That said, I also understand your ambivalence.

As far as what those who mentored you will feel when you come out - I think you may be underestimating them. I've known several young men over the years who earned their eagle rank and then ultimately went inactive. I've never heard anyone who worked with these young men express feelings that they were deceived because these young men did not go on to live the Mormon dream (temple marriage and a gaggle of kids). If anyone does feel that way then shame on them.

They may feel you've lost your way - and in a sense they are right, at least in the LDS context. But not because of anything you've done. And the reality is that you are finding yourself - your true self.

Bravone said...

FLS, as an Eagle Scout, former scout leader, and friend, I congratulate you for BECOMING an Eagle. I have always thought 'earning an Eagle award' is far different than 'becoming' an Eagle. Anyone can, with the right amount of effort and support, earn the badge. Far fewer are those who actually become Eagles.

You are an Eagle. I know you, and know that you embody all the good traits that scouting truly stands for. You live and breathe the Scout Law.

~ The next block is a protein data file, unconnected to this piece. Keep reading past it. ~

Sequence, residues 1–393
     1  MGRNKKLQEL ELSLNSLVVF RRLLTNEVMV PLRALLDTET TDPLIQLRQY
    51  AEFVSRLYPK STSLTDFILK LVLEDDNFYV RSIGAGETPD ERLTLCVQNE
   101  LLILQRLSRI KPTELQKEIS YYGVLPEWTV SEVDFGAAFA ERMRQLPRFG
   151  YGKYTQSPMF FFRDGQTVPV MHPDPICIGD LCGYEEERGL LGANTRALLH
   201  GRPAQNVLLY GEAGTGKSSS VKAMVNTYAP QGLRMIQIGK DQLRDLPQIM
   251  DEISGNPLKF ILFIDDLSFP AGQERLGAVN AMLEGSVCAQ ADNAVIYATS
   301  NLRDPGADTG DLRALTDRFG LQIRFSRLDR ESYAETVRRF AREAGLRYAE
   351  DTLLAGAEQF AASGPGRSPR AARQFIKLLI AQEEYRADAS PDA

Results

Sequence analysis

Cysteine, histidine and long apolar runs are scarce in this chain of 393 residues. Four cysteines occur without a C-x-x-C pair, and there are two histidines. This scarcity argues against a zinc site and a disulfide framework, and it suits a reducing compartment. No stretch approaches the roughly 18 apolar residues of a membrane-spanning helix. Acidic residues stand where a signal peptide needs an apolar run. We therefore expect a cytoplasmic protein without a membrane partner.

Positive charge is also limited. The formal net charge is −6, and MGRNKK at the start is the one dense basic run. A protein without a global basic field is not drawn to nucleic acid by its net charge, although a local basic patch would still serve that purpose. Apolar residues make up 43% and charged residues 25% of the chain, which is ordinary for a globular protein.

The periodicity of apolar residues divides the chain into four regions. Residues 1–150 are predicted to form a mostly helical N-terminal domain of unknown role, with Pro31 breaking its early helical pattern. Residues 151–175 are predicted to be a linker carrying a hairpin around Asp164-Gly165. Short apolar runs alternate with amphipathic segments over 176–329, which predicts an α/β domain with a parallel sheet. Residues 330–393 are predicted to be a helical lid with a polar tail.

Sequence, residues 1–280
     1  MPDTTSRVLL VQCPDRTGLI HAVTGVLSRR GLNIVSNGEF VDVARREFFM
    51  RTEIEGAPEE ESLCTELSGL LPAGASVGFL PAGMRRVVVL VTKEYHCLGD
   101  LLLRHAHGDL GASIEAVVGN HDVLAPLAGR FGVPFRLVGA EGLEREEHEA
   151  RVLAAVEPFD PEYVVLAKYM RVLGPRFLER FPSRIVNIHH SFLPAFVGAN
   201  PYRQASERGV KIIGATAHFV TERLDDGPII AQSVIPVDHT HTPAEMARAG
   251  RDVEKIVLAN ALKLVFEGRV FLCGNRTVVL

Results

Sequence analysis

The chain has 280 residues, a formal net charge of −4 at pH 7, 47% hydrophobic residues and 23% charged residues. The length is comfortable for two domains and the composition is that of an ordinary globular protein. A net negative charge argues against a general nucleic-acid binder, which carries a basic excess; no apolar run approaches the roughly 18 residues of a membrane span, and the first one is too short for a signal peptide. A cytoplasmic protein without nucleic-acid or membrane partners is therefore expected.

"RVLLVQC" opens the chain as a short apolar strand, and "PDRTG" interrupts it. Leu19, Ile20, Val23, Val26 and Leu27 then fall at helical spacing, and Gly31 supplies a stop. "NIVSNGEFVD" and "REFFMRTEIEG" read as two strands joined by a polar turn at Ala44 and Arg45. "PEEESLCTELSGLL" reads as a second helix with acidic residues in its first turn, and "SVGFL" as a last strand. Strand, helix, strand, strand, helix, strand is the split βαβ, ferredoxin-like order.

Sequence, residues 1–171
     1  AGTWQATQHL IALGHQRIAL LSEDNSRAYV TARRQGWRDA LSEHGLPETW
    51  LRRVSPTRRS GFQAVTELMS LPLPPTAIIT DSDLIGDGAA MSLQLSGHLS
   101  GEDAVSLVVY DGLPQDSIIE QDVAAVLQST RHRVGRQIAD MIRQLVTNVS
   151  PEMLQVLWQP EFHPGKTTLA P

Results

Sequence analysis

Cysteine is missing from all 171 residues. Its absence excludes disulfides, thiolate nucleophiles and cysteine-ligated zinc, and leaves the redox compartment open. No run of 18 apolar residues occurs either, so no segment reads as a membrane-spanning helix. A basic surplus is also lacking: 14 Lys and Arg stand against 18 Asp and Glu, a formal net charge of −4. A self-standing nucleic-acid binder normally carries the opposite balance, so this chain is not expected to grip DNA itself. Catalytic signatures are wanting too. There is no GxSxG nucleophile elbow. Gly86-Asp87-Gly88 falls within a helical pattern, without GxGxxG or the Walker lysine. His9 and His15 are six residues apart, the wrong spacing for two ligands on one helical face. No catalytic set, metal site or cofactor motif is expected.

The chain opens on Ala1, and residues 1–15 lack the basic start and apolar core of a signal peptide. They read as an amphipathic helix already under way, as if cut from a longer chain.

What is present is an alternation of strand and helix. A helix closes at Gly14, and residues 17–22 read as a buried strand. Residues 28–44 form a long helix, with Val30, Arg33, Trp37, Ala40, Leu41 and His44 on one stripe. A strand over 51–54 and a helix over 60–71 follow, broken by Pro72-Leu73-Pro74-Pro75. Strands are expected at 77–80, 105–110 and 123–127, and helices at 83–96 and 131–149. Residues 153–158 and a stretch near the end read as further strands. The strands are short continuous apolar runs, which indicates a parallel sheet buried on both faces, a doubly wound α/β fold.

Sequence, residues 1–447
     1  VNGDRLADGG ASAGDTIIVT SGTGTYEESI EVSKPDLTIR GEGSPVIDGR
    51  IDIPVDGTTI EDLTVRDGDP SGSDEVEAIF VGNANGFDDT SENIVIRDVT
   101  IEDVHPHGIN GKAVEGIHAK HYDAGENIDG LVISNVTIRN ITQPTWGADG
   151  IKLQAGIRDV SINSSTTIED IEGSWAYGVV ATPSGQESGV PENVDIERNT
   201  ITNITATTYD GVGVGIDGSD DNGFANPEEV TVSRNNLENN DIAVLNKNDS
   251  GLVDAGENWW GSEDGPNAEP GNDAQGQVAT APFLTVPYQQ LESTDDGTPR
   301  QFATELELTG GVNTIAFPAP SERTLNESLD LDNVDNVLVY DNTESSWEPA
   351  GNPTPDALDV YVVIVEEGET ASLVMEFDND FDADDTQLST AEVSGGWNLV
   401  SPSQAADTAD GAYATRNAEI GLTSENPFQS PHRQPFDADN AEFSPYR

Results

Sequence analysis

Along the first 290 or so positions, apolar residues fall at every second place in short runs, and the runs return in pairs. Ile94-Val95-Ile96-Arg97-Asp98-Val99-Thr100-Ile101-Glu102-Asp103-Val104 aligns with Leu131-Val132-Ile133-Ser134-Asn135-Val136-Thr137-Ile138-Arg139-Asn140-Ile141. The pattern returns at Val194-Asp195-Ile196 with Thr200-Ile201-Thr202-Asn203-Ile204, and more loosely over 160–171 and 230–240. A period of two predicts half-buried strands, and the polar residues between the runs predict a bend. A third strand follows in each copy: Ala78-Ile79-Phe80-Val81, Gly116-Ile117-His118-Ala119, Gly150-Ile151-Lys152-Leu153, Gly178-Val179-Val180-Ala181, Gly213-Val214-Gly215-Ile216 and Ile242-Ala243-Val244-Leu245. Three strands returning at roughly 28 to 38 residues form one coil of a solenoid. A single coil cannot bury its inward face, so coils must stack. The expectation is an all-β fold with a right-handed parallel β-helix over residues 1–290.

I am proud of you! I'd be honored to be on your Eagle board of review. You may not take the course that some of your leaders took, but I have complete confidence that you will always live a life of integrity and truly model the values scouting hopes young men aspire to acquire.

Better invite me to the ceremony!

Mister Curie said...

From another gay Eagle scout, congratulations FLS on becoming an Eagle!

I don't think you need to worry about the connections between scouting and homosexuality when you come out. As long as you don't come out specifically as an "Up yours!" to your leaders, I don't think they are likely to make the connection between scouting and homosexuality. They will likely be worried about your soul, but I don't think scouting is even going to cross their mind, particularly if they really care about you.

boskers said...

I wish I had come to that spiritual realization when I was as young as you are. I'm admittedly jealous, but at the same time very much impressed.

As for the Scouts thing, I echo what's already been said. Don't be obnoxious about it. And even if you're as eloquent as the Queen of England, there will still be those who refuse to understand. Once you come out they'll be eying you like ravenous vultures, waiting for any little reason to tear away your well-earned honor.

Bravone said...

FLS, It was an honor to attend your Eagle Award ceremony tonight. Understanding the feelings you expressed in your post, it was especially meaningful for me. I am proud of you for your efforts in scouting, school, and community.

I wish you could have been in the car with my son and I afterward to hear the fine things he, as your peer and friend, said about you. You are a good man, will be successful at whatever endevor you choose, and have great potential to be a force for good in many lives.